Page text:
When unexpected, or surprising events occur, we are often confronted with fundamental questions about how we are living our lives, what really matters, and so on. Earlier this evening, I began reading Anne Lamott’s 2010 novel, Imperfect Birds, and although I’m only 62 pages into it at this point, it is proving to me one of the most important reasons that fiction matters in our hyper social-network driven world.

Fiction, good fiction, reminds us that we all live complicated and mixed-bag lives. We all struggle with questions of identity, of our places in the world, of whether or not we are doing what we should do, or were meant to do, and the like. Good fiction – and, Imperfect Birds is absolutely in that category – reminds us of our shared imperfections, our shared continual quest to figure out how best to navigate this gift (that sometimes feels like a curse) we’ve been given called life. By recognizing the humanity and the faults and the glories and the foibles in fictional characters, we are (if we are lucky) able to take a step back to reexamine our own lives and ask: Well, maybe it’s not the worst thing in the world that I did x, y, or z? Perhaps I can forgive myself – perhaps I can forgive my mother, father, brother, sister, lover, spouse – for doing something that was hurtful, childish, annoying, or, rude?

Early in this novel a character suggests that perhaps we are living in “the sixth day,” evoking the creation story. In other words, perhaps God is not quite done. We are here already… we are living in this environment that He (or She) created, but it is not yet time for God to rest. Because the work is not yet done. I like this idea. I like it a lot. It almost provides an answer to those questions many of us so often ask: “How could a loving and caring God allow (fill-in-the-blank) to happen?” Well, maybe it’s because the job’s not quite done yet. Maybe we are all living in the sixth day.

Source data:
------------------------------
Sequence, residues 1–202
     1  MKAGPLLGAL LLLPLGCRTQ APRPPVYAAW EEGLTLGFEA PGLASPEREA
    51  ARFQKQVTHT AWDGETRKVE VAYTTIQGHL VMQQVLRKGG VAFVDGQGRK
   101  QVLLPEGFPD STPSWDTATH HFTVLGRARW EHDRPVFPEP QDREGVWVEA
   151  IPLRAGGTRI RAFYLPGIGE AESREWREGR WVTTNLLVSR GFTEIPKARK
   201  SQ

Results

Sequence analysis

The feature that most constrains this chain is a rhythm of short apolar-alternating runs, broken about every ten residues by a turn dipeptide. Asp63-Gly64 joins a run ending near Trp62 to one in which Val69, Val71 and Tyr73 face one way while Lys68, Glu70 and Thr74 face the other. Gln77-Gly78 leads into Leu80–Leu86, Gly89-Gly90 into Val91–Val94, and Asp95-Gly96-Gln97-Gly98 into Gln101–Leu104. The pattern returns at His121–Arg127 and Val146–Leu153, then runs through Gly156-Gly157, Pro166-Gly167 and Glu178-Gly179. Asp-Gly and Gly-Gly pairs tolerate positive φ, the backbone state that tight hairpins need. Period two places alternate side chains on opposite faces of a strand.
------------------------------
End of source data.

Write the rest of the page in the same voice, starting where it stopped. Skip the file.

Each of us will encounter unexpected challenges throughout our lives, and each of us will have a moment (or more) of feeling shell-shocked that whatever happened just happened. A close friend dies or is seriously injured or is diagnosed with cancer; a simple misstep leads to days in the hospital and weeks of recovery and pain; the dog you are walking lunges after a rat and pulls you down to a painful fall in the process. These things happen. They do.

Good fiction reminds us that we are not alone in this fate. We are all susceptible to the whims and fancies of… whatever one might wish to call it. Fate? God’s will? Bad luck? Good luck? The point is, stuff happens. Our job is to learn from it when it does. Our job is to recognize the humanity in one another. Our job is to empathize and listen and learn and take heed. Because tomorrow, it may well be me or you or the other person reading these scribblings who is caught by surprise and suddenly learns that stuff happens. Whenever, wherever.

We persevere. We go on, as Beckett notably observed. We adjust, learn, recalibrate.

Fiction helps remind us that we are not alone in the doing. Fiction creates a safe space in which we can face the scary realities we may well have to face in our own lives when we are least prepared for it, because, let’s face it – that’s when they come.

So, cheers and thank you to the great fiction writers of the world. And, while I’m at it, cheers and thank you to the great nonfiction writers of the world, because they often can (and do) achieve the same purpose. (I almost wrote porpoise, by the way… just a side note.)

Cheers, writers! You tell stories that remind us of our shared humanity; of our strengths, our weaknesses, our vulnerabilities, and our charms. You remind us that we are all on this crazy trek together – like it or not.

This evening, as bedtime nears, I look forward to reading a few more pages of Imperfect Birds, and then climbing into bed with my lovely wife and thanking whomever for all the blessings of our lives. Hardships happen – of course – but they are not the whole of existence. They are bumps in the road. We move on, persevere, keep writing our own stories, and, embrace what is, and what’s next.